The student news site of Marquette University

Marquette Wire

The student news site of Marquette University

Marquette Wire

The student news site of Marquette University

Marquette Wire

EDITORIAL: Master Plan requires transparency, input

Photo by Wikimedia
Feedback sessions would provide student input on campus facilities.

The university will begin demolition of McCormick Hall mid-to late May, according to a university news release sent via email March 12. The demolition should be complete by November and is a part of Marquette’s Master Plan. The plan to demolish McCormick was first announced in May 2016 when the proposal for a new residence hall was released.

Despite the announcement of the upcoming demolition, there is no plan for a building to take its place. In a previous Marquette Wire article, Lora Strigens, vice president for planning and strategy, said the next project for the space would need to be ready before the building was demolished, but as of right now, the site of McCormick will function as a green space.

The University should provide a clear, consistent and publicly available breakdown of the Master Plan that provides more specific information about the administrations approval process and ideas moving forward. This would help students, staff and faculty know what was happening on campus and hold the administration accountable for building plans and open communication.

Marquette should involve the campus community in the decision-making process. Doing so would expose university officials to the wishes and perspectives of the people who navigate and utilize university facilities on a regular basis.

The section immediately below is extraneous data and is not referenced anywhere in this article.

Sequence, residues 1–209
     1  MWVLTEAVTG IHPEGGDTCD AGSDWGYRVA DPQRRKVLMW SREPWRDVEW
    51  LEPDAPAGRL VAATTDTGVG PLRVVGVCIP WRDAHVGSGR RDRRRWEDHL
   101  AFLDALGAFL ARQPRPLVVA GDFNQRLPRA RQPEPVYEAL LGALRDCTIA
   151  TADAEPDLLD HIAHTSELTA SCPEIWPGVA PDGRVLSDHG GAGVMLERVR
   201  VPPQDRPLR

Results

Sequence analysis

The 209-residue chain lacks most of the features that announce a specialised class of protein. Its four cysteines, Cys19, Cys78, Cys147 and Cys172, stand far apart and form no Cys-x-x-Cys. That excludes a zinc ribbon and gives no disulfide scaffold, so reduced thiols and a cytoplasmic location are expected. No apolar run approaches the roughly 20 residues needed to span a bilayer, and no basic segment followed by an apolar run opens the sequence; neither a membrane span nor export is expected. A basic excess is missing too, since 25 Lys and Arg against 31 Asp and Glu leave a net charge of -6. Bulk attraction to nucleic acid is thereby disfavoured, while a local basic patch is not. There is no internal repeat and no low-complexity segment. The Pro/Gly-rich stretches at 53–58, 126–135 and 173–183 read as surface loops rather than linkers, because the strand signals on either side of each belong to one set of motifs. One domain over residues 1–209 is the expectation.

Currently, the university allows student organizations to use the first floor of McCormick for practice space. With demolition day looming, it is not clear if and where student groups will be able to find comparable space to use. Students, staff, faculty and others who use the space should have the opportunity to give their input as to the resources and spaces they may need once McCormick comes down.

One way community input could be gathered is through listening and feedback sessions regarding the Master Plan. It is essential that students, staff and faculty are invited to participate in discussions with the Board of Trustees present, which is the body that approves projects. Providing this access to members of the campus community could contribute to projects being chosen and executed in ways that are considerate and thoughtful.

Another option would be for the university to create online surveys. This could reach a majority of the campus community in a convenient way and could help the university to get a good idea of what type of facility or space the campus community desires. This would be an opportunity for almost everyone to provide input. Although in-person listening sessions would be favorable, it is necessary that the university takes some step promptly to promote transparency in its demolitions and projects.

If the university gains ideas regarding the types of resources desired on campus it could better invest its money and time to create facilities that students, staff and faculty are happier with and more likely to use.

Both ways to get community input are simple and cost-effective. Students may currently want to get involved, but don’t know how to do so. Putting these measures in place could help solve this issue. The university must make an intentional effort to increase transparency about the Master Plan and create pathways for community feedback.

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